Mandates are being introduced globally to enforce software supply chain security, but they are still in the very early stages of being defined. There are a lot of unknowns that will be determined in the coming months and years. The only thing we can be sure of is that change is coming, and we as part of the software security community need to be prepared to adapt our roadmaps and security initiatives accordingly. Nevertheless, there are actions that you can take right now to combat supply chain attacks.
Implementing a comprehensive C-SCRM program as outlined by NIST requires four essential components.
- A supply chain risk management roadmap. The first step in your software supply chain transformation journey should be to develop a plan to get to your desired state of security. This entails an evaluation of your software supply chain’s people, processes, and technology. This evaluation should be ideally performed by third-party experts who can utilize their supply chain security experience and “fresh eyes” to evaluate and establish a multiyear strategy to reduce risk in your supply chain.
- Software composition analysis (SCA). SCA and binary analysis are at the heart of any supply chain risk management solution. But not all SCA products are created equal. A complete SCA solution utilizes
- Automated open source detection that goes beyond relying solely on declared dependencies so that all open source is discovered, and a complete inventory is compiled
- Detailed security and compliance reporting plus regular insights on component quality, ensuring that you are always using high-quality components that are actively maintained by a robust open source community
- The ability to automatically enforce open source governance, aligned with your unique risk tolerance, with limited input and action from development and operations teams
Analyzing binaries, executables, and libraries for open source components—especially beyond trusting manifests—is equally important. It must include
- A method to inspect a binary container image for open source components beyond what is disclosed in manifests, such as a Docker file
- Analysis of applications and containers to discover security concerns including known and unknown vulnerabilities
- Malicious code detection. Are you confident that your system is free of malicious code? Malicious code can remain dormant for months or even years until it is activated. This type of code can hide beneath the surface of your software and is usually extremely hard to detect with traditional scanning tools. Security experts utilize a combination of intensive manual scanning and automated detection to find suspicious constructs in production binaries, configurations, and data. Experts also provide advice on appropriate methods of malicious code management and vulnerability remediation strategies.
- Cloud and container security. BSIMM12 showed a significant increase in new observations of activities related to securing the cloud and containers over the past two years. Research indicates that organizations are developing their own capabilities for managing cloud security and evaluating their shared responsibility models. The steps you can take to secure your infrastructure include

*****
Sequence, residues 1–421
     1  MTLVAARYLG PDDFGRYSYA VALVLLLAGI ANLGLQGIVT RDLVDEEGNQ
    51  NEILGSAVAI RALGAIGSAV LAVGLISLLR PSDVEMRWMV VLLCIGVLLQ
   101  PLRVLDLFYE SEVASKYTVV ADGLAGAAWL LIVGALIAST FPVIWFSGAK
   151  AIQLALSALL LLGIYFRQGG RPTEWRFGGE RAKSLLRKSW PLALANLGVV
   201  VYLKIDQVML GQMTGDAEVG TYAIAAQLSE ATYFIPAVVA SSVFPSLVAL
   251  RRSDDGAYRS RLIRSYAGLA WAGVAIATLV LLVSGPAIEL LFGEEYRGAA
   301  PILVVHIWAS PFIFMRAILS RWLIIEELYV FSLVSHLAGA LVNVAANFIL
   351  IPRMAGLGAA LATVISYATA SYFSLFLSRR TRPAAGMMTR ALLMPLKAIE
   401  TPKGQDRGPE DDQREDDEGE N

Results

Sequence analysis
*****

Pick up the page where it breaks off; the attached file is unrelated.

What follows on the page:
- Define your cloud/container strategy and build a roadmap. Determine what strategies, capabilities, and activities your company should use to support an efficient cloud security program. This entails gaining visibility into your current cloud adoption state and defining an achievable future state by utilizing a proven cloud security reference architecture and maturity assessment framework.
- Conduct an architecture risk assessment to examine your potential attack surface, determine where security controls are insufficient, and get recommendations from experts on how to improve them. A risk assessment also identifies technical risks that can lead to business risks, prioritizes the risks based on their likelihood of occurrence, and prescribes mitigation tasks.
- Ensure a secure cloud migration with assessments both before and after the migration. This includes building and deploying cloud applications using secure reference implementations with baseline security controls, and also performing static application security testing, software composition analysis, and dynamic analysis.
- Secure your containers. Identify and mitigate cloud container risks with a thorough vulnerability assessment, penetration testing, architectural risk / threat models, and DevSecOps considerations.
- Optimize and manage the cloud. This entails performing regular cloud security posture management health checks for configurations, policies, controls, and integrations. It also includes remediating, investigating, and responding to alerts and incidents as necessary.
- Prioritize and implement actions to improve threat posture and address gaps.
Supply chain security is really the ultimate test for your SDLC. You simply cannot build security into your supply chain with a weak SDLC. Without a secure SDLC, the information in your SBOM and data such as vulnerabilities, bugs, and flaws in your code and software system design will be revealed to your customers. The executive order and other supply chain security mandates can be the spark that ignites DevSecOps activities and propels you to embrace a security culture that permeates your SDLC and entire supply chain.
Finding the right people with the required expertise and experience in implementing the right solution, and setting, managing, and enforcing the appropriate risk management policies can be a daunting task, especially with the security resources shortage we are currently facing. Synopsys offers Black Duck®, a market-leading SCA solution, as well as hundreds of security services consultants with decades of experience in supply chain security.